How to Read a Newspaper (Updated)

One of the most important skills I learned from my teacher of international relations, the great Harold Rood of Claremont McKenna College, was how to read a newspaper. I’m not referring to what order to read the paper, or how to “deconstruct” news stories to surmise what is left out, but rather as clues to what is really going on and who has the initiative. This skill was a variation of his axiom, “Nothing happens for no good reason.”

For example, Scott, following the Free Beacon, reported on how a senior Iranian official boasted on state-run media that Iran helped the 9/11 hijackers transit through Iran undetected. Since this “news” came from state-run Iranian media, this story has to have been put out on purpose, with the blessing if not the initiative of the Iranian government. That is the kind of fact that will not be mentioned in a typical news story. What was the purpose of putting out this story? This is the kind question that will not be asked in a typical news story. Perhaps it is intended to goad President Trump or Iran’s Arab neighbors in some way? Maybe Iran doesn’t want to have any re-negotiations about its nuclear status. Maybe it wants to have a regional war now.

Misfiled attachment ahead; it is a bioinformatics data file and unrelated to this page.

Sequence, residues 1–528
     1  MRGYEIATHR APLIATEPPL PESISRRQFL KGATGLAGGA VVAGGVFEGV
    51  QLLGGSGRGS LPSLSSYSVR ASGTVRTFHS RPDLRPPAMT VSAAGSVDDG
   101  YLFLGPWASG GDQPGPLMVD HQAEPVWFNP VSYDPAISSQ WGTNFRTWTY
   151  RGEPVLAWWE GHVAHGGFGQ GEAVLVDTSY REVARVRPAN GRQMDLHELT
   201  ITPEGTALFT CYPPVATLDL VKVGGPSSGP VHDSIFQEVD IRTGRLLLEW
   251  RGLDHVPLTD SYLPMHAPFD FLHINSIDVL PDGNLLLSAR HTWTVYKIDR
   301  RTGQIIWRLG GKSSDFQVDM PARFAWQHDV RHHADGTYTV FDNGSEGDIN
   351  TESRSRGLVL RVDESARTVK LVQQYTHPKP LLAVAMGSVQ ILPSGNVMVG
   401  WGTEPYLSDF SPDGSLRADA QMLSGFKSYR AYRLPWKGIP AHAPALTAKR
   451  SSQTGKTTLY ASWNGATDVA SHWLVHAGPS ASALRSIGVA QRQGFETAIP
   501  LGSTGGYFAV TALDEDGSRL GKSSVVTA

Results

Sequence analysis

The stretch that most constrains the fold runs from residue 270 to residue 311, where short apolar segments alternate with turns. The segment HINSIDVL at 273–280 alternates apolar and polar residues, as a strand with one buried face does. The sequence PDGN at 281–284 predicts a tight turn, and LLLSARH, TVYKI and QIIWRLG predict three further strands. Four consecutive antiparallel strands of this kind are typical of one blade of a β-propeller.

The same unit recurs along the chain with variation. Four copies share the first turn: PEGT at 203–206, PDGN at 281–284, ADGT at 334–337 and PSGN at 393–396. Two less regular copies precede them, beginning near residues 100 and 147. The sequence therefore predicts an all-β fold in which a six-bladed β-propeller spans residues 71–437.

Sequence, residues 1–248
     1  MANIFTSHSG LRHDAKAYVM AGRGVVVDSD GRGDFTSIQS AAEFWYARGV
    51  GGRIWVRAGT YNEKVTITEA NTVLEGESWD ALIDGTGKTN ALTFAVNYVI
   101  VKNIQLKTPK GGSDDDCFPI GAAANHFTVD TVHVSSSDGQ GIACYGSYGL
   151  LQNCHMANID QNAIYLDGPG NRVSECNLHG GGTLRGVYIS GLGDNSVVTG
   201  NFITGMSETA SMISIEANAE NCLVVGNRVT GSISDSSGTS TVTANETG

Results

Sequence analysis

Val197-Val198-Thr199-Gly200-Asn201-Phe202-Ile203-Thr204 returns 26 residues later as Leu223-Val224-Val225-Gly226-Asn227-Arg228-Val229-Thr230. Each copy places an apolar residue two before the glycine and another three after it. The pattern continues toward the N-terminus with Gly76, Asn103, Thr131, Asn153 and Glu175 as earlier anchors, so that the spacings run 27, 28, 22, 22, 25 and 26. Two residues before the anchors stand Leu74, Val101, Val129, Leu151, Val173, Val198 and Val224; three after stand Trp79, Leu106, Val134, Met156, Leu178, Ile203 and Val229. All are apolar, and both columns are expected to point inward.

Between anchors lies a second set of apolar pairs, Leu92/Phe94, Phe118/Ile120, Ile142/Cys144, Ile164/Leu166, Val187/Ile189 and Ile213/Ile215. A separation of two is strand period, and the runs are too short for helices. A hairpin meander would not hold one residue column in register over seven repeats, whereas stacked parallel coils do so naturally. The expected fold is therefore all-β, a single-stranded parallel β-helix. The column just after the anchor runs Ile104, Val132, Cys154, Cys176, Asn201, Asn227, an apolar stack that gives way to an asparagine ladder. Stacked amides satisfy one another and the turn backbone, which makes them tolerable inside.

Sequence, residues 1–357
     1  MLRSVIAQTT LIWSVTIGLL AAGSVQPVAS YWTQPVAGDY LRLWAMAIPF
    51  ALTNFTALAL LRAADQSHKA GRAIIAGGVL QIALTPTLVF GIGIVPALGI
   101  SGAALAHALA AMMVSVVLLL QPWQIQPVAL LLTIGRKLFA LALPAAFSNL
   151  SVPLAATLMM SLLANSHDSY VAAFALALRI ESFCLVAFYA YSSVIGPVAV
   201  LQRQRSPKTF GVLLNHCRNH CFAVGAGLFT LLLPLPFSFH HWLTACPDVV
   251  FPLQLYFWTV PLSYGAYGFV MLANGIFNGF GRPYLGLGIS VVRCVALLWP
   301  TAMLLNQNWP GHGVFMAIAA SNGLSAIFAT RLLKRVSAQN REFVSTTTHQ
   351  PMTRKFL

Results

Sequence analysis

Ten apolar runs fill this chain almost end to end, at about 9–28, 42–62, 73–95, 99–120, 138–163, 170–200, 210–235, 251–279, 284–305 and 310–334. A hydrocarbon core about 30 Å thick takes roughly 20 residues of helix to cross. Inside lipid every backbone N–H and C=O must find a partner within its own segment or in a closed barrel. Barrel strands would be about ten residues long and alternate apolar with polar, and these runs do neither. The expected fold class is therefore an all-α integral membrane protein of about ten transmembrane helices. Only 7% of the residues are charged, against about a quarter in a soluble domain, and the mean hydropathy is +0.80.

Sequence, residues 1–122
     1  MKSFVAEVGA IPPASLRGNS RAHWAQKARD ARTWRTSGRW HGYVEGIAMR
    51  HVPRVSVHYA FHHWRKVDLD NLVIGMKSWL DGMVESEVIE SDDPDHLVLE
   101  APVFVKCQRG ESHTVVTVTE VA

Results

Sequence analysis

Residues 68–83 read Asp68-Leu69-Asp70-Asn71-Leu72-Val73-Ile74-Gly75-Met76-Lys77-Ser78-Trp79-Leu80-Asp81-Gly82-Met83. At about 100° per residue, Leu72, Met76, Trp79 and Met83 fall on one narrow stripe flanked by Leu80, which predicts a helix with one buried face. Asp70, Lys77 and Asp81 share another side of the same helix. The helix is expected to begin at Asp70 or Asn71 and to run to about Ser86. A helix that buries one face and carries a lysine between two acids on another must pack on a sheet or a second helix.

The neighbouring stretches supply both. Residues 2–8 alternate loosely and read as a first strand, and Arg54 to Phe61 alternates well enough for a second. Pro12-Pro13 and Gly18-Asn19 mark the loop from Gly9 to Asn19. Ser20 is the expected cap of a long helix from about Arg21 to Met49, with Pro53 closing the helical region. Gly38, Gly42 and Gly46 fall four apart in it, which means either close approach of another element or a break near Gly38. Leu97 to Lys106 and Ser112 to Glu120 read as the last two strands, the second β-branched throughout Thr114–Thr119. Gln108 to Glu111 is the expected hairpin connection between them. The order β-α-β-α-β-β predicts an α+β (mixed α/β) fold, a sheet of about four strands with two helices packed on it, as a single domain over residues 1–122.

Likewise, did anyone notice the story last week, which appeared on the front pages of several newspapers, that Kim Jong Un was demanding that his very expensive hotel lodgings in Singapore be paid for by someone else (presumably the U.S.)? This kind of demand is said to be standard operating procedure of the Norks. Most news stories give it the spin that this was just another sign of how penurious and/or scheming the Norks are. Question: did some reporter find out this information on his or her own, by serendipity? Of course not. Someone in our foreign policy establishment made sure to “leak” or promote this information to journalists, likely in an attempt to embarrass Kim Jong Un. Ditto the story out today that Kim brought his own toilet with him to Singapore. Does anyone think the North Korean ministry of information put this news out? I think we owe some props to our team for a good PsyOp on Little Rocket Man.

You should always ask yourself who benefits from a newspaper story based on a leak, or some fact that wouldn’t otherwise be reported in the ordinary course of plain news gathering. Someone usually has a motive for making sure a story or fact makes  it into the news.

UPDATE: Power Line’s favorite comedian (along with Ammo Grrll), David Deeble, passes along his newspaper reading technique, which I highly recommend—only about a minute long:

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